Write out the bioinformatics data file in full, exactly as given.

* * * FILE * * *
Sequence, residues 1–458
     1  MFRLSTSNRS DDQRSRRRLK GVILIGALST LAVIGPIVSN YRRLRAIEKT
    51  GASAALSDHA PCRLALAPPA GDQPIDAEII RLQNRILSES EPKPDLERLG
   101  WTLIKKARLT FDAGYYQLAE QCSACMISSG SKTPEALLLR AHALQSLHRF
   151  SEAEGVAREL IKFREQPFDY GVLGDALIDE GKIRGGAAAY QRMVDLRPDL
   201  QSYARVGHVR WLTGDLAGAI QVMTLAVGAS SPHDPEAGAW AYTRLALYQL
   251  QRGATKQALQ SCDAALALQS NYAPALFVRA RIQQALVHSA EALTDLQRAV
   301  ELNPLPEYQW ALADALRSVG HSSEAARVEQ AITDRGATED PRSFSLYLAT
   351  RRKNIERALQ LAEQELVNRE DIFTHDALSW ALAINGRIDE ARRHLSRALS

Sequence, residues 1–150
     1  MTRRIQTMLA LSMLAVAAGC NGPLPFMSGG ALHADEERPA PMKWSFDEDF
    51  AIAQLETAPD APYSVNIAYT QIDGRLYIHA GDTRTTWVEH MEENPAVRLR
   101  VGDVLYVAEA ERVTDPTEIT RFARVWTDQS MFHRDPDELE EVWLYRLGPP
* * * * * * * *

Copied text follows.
Sequence, residues 1–458
     1  MFRLSTSNRS DDQRSRRRLK GVILIGALST LAVIGPIVSN YRRLRAIEKT
    51  GASAALSDHA PCRLALAPPA GDQPIDAEII RLQNRILSES EPKPDLERLG
   101  WTLIKKARLT FDAGYYQLAE QCSACMISSG SKTPEALLLR AHALQSLHRF
   151  SEAEGVAREL IKFREQPFDY GVLGDALIDE GKIRGGAAAY QRMVDLRPDL
   201  QSYARVGHVR WLTGDLAGAI QVMTLAVGAS SPHDPEAGAW AYTRLALYQL
   251  QRGATKQALQ SCDAALALQS NYAPALFVRA RIQQALVHSA EALTDLQRAV
   301  ELNPLPEYQW ALADALRSVG HSSEAARVEQ AITDRGATED PRSFSLYLAT
   351  RRKNIERALQ LAEQELVNRE DIFTHDALSW ALAINGRIDE ARRHLSRALS

Sequence, residues 1–150
     1  MTRRIQTMLA LSMLAVAAGC NGPLPFMSGG ALHADEERPA PMKWSFDEDF
    51  AIAQLETAPD APYSVNIAYT QIDGRLYIHA GDTRTTWVEH MEENPAVRLR
   101  VGDVLYVAEA ERVTDPTEIT RFARVWTDQS MFHRDPDELE EVWLYRLGPP